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Her Campus / Megan Charles

Clean Beauty: Revolution or Marketing Scheme?

If you look at the ingredient list of a drug store face wash, it probably has very few ingredients that you can pronounce. It might feel as though you are reading the ingredient list of a heavily processed Twinkie. Now, you might be thinking that your face wash is as bad for you as eating a Twinkie twice a day. Or, maybe you proudly show off your face wash that has a clean beauty check mark. I am not here to shame your face wash of choice, but I do not think you are getting all the facts. 

Clean beauty products are supposedly made without ingredients that cause harm to human health. This classification of products has taken the cosmetics world by storm in the last few years. Websites and apps, such as Goop and Think Dirty, can tell you if your products pass the clean check. This usually ends in a downward spiral, obsessing over the tiny ingredients you put on your face every day. I am sure some ingredients are not ideal to absorb everyday, but many aspects of the clean beauty are simply a marketing scheme. You might be getting played. 

Let me start by saying that, yes, the cosmetic world has much work to do in terms of improving products. Yet, many clean beauty product companies are just profiting off of your ignorance. Clean beauty brands argue in favor of their products by tearing down companies that use “harmful” ingredients. The app, Think Dirty, is going to tell you that all of your products have harmful chemicals in them. You have to realize that these chemical proportions are so small that it is very unlikely to cause you any harm. Anything you do in life has risks, and the risk here is likely very small. Therefore, Sephora traps you with their green check marks and tells you that their product doesn’t have Chemicals A, B, and C. You hear “chemical” and assume this is horrible. You probably know nothing about that chemical and its actual risk. 

Then, clean beauty companies will tell you that their products don’t have parabens. Parabens generally get lumped all together. Yes, some are bad. Others are necessary. Parabens are preservatives that keep your products from growing mold. Do you want to apply mold to your face? A number of paraben studies are done on animals (ironic, right? Clean beauty, sure). Paraben studies are often done on rats which ingest a large portion of parabens. Unless you eat your moisturizer, I would be cautious of this research. We are not rats and we generally don’t eat our products. Like I said before, you are topically  taking in these ingredients at very small quantities.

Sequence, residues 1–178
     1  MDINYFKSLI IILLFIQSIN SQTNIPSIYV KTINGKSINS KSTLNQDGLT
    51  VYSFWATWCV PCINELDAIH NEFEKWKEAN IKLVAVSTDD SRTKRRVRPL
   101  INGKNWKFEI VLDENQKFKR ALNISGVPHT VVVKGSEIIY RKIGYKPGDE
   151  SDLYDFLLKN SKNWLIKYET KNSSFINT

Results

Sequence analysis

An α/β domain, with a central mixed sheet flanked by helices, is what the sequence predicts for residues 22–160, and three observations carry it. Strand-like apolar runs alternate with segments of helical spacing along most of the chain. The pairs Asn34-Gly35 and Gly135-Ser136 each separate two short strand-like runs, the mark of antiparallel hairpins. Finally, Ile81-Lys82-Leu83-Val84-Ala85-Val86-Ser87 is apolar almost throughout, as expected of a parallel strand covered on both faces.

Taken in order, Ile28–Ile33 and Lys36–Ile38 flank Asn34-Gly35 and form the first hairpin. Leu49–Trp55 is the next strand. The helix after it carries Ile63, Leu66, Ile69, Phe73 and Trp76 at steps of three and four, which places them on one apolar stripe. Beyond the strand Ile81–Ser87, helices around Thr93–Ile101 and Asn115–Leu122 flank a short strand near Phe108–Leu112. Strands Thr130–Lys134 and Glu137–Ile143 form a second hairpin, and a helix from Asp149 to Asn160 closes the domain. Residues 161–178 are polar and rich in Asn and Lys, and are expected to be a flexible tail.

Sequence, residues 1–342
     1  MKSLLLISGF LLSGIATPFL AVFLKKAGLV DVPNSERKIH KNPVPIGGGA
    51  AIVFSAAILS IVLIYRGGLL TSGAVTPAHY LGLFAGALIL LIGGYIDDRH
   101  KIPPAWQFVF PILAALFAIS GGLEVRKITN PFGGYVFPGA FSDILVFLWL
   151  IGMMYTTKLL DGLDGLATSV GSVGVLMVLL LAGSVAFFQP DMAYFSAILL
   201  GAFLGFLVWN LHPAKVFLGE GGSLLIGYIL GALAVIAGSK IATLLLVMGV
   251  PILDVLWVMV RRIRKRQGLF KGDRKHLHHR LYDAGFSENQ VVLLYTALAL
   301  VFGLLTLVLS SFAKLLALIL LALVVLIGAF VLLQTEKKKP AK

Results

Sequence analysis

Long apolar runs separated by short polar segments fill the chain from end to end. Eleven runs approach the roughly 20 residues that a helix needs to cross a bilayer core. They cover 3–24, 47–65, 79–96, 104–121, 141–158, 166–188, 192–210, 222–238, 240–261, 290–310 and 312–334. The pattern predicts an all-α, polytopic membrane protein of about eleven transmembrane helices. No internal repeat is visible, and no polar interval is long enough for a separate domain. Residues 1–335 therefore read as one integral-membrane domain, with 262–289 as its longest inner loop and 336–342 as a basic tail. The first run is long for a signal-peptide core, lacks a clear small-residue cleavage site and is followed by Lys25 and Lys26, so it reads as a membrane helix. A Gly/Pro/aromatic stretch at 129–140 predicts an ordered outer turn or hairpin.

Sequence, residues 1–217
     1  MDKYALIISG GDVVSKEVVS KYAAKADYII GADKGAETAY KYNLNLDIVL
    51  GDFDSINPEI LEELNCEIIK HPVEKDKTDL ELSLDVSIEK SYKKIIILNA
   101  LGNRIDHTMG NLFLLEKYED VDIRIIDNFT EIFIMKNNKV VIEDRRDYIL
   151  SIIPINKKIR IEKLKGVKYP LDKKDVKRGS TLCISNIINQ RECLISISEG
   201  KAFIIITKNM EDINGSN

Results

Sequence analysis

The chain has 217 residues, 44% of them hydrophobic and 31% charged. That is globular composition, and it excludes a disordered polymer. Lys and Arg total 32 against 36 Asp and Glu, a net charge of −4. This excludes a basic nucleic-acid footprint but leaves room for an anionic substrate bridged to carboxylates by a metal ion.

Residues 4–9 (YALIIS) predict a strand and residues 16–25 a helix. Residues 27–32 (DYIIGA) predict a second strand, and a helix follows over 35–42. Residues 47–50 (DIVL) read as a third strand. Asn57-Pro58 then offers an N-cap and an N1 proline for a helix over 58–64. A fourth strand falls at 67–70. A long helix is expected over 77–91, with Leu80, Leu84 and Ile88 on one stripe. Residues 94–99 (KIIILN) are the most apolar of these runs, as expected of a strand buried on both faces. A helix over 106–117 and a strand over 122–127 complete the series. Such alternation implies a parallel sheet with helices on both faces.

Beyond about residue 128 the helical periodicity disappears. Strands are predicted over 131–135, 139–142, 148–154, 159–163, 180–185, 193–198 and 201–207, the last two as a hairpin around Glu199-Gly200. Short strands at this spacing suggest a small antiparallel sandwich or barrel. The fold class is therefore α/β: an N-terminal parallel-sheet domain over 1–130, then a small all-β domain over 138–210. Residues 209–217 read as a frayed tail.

I am not here to defend terrible skin care brands. I am not telling you to not care about your skin. Your skin is your biggest organ, you need to care. I am simply asking you to research your products. Do not jump on the clean beauty bandwagon before actually investigating the brand and products. The green check on a product is not enough for me. 

We have to acknowledge that many women cannot afford these clean beauty products. A green check on your face wash bottle has turned into a class symbol. As a result, women are shamed by other women and companies for their drug store products. These drug store products might work just fine for them! I would love for skin products to be the best version of themselves, but this is not a reality. We need to start pointing the finger at the FDA and cosmetic brands, instead of the women who keep purchasing the less than ideal products. In the meantime, research your products. Do the best you can, and maybe your face wash is just fine. 

Sarah Briere

Furman '22

Sarah Briere is a junior at Furman studying Psychology. In addition to being a writer for HerCampus, she is the Merchandise Chair for Alpha Delta Pi sorority. In her free time, she enjoys painting, doing makeup, and dancing. After college, she hopes to help women be the best version of themselves as a Clinical Psychologist.
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